MR Insights

Industry Insights from Those in the Know

Neonatal MRI – Opportunities and Obstacles of Scanning NICU Patients

An Interview with Featured Expert Diane Wilson

Diane Wilson is a Neonatal Nurse Practitioner in the NICU at the Hospital for Sick Children (SickKids Foundation), which is affiliated with the University of Toronto, in Canada. Diane has more than 30 years of experience in Neonatology with a focus on Neonatal Neurology, and was instrumental in the development of the Neonatal Neurocritical Care Unit (NNCU) at SickKids.

Scroll down for insights from our Q&A session.

Diane Wilson
Q. How valuable is having an MRI system in place for neonatal patients?

A. MRI is definitely the mainstay of our treatment in neonatal brain injury. We use the MRI to help us not only make decisions on the spot about treatment that may be needed for patients, but also, and probably most importantly, to help us prognosticate about what the future looks like for these very fragile, tiny patients. So, it’s extraordinarily important.

A. In a large hospital — and most of our NICUs are within large academic hospitals or even community hospitals that also house adult patients — there is competition for MRI services in the traditional setting where there’s not an in-unit specific MRI for neonates. So, we’re constantly competing with adult patients, who, for whatever reason, may have priority access to MRI scans. And so the timing of the ability to access the test is limited by that competition. We need quick access, in a lot of cases, to make on the spot decisions.

A. If there’s no MRI system available, the biggest and most useful alternative would be ultrasound. However, the limitations of ultrasound are that you only have a tiny window to view the brain. For example, through the fontanel, or the soft spot on the baby’s head. So, you’re getting limited views of the underlying brain tissue. Whereas with MRI, you’re able to see the deep structures of the brain and see in detail, areas that may be injured or where bleeding might be occurring.

A. Yes, for sure. Better clarity and more detail.

A. It’s moving the patient, for sure. A lot of these patients are critically ill. They’re on ventilators. They’ve got IV fluids running. Some of them are very tiny. And so having to move those critically-ill patients out of their ICU environment to another part of the hospital is a difficult process. It takes a long time. It takes a lot of manpower, and it needs to be done well to keep the patient safe throughout the journey.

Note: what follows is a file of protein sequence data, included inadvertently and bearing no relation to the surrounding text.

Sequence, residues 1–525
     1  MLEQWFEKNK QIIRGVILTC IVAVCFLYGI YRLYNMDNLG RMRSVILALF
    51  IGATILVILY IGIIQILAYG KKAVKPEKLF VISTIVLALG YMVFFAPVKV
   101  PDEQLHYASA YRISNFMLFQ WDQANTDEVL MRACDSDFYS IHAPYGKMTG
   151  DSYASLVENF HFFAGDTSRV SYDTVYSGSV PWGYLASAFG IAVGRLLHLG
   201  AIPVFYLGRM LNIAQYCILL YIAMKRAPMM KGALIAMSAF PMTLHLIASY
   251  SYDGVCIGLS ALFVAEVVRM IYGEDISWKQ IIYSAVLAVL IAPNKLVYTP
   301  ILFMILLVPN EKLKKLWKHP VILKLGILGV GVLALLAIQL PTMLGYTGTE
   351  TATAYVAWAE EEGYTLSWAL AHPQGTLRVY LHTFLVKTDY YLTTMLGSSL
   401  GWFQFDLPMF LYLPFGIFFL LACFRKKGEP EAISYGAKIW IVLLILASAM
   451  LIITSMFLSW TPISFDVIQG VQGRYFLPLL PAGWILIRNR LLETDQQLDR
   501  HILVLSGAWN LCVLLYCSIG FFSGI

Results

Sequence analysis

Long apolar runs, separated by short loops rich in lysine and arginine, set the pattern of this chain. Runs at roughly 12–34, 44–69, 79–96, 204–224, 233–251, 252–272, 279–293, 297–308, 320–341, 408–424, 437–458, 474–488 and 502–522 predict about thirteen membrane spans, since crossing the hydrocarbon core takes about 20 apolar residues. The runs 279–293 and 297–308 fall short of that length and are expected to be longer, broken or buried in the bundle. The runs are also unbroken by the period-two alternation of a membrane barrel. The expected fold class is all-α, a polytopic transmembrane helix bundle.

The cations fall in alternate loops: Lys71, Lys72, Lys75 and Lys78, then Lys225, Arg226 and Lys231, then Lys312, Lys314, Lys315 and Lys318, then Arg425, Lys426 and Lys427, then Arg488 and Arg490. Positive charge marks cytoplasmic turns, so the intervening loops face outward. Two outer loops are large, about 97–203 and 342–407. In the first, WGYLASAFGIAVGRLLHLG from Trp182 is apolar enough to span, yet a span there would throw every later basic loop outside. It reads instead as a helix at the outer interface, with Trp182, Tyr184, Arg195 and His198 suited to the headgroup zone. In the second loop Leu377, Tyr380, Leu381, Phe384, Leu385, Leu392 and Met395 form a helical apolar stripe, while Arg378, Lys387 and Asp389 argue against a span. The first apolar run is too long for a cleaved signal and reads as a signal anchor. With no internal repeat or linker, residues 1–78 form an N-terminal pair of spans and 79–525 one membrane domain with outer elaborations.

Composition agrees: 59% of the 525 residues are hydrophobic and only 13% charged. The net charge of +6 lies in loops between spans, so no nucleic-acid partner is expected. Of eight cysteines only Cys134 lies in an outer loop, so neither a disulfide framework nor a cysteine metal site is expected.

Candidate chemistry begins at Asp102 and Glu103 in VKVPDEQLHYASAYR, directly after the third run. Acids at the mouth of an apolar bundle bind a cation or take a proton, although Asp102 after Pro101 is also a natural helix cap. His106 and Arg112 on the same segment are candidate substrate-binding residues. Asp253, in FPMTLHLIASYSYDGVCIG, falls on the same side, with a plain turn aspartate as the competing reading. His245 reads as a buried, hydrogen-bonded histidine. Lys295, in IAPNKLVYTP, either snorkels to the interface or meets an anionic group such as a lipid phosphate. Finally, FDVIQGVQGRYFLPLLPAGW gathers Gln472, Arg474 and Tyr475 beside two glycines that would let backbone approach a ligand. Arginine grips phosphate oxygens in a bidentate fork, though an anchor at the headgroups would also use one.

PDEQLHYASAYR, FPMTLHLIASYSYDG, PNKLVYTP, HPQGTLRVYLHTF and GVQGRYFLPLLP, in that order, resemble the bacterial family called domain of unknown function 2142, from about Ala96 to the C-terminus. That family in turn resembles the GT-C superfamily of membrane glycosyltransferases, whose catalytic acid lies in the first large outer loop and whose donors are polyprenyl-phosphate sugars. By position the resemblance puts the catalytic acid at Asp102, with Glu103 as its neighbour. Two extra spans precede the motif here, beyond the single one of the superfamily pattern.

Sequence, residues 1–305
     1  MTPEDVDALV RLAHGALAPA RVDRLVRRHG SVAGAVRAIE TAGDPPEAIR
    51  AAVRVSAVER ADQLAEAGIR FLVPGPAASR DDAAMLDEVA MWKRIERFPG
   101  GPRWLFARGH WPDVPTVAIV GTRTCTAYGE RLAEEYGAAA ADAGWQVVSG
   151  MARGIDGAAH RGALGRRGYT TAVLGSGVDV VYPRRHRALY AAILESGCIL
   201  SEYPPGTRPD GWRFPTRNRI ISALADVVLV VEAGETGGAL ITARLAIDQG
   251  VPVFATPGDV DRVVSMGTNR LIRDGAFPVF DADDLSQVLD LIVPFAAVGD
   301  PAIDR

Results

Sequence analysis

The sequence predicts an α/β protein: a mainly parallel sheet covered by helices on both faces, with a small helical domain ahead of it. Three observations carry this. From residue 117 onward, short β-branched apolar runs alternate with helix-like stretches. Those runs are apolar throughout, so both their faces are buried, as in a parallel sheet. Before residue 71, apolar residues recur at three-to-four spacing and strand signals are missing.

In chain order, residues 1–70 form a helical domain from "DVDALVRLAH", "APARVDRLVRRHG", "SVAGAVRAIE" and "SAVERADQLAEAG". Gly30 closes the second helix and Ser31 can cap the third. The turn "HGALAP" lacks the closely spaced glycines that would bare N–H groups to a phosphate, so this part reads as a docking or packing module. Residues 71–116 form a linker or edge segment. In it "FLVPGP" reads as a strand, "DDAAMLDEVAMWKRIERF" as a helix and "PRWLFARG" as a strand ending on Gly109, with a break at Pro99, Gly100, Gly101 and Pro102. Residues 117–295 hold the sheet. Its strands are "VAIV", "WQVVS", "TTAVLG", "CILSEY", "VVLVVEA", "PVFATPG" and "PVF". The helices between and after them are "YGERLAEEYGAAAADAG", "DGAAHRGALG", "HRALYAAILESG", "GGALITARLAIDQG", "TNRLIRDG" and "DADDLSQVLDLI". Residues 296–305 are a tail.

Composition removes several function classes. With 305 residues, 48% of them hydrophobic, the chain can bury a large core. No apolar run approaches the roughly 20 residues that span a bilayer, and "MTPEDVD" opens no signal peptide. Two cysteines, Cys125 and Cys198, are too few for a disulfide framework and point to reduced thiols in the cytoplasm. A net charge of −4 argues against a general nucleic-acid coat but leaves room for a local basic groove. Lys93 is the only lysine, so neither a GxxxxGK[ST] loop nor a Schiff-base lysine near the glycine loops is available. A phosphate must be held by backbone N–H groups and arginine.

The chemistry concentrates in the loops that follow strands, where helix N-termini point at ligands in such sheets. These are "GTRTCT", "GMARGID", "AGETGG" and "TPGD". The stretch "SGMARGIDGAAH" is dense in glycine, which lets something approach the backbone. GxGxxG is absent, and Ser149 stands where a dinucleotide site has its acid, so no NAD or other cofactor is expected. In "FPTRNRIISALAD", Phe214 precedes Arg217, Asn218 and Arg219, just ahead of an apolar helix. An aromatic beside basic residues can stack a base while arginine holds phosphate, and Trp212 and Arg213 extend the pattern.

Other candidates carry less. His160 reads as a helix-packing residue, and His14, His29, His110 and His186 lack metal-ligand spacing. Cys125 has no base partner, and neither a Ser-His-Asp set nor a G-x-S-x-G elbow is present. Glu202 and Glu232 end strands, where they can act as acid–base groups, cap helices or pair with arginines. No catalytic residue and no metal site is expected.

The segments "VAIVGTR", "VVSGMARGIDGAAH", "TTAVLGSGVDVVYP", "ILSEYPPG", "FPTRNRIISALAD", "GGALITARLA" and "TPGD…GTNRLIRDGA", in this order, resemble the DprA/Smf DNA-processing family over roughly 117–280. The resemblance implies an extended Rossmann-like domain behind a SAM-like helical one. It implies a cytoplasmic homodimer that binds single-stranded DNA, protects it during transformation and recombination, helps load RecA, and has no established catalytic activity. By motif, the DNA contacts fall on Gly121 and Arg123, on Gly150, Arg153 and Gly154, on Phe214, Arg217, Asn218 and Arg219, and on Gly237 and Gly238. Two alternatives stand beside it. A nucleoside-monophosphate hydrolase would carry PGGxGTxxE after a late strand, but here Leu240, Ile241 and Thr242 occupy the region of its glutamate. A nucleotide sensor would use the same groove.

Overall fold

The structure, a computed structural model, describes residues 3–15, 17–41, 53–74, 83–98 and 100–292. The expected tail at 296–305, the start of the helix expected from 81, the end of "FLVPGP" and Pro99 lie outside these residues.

A. A point-of-care neonatal MRI system provides us with the opportunity to do serial MR imaging in a very simplified manner, in that we don’t have to move the patient off the unit and outside of the care environment. The MRI system is right in the neonatal intensive care unit.

There are system now available, designed specifically for use within the NICU, meeting the unique needs of neonatal patients.  Whereas, the other traditional MRIs that we’re used to going to, are very large machines that are often housed in basements of hospitals, because that’s the only place you can put something that weighs that much.

And so we’re able to do imaging at any time during the day or night, without the scheduling challenges of using traditional MR systems in Radiology.  With the point-of-care MRI system specific to the NICU patient, the travel time to and from the unit is reduced. The safety because of that reduction in travel time and the reduction of the time outside of the intensive care unit is extremely .

A. You could image a patient every day, for example, if you wanted to follow the evolution of an injury over time. That’s something that we’ve been able to do with ultrasound – to do serial ultrasound imaging.

However, as I said before, ultrasound is limited to that tiny window of the fontanel and only seeing certain parts of the brain, whereas with MRI, we can see the entire brain, really, and even the deep structures of the brain. This level of care is only possible with an MRI system readily available within the NICU.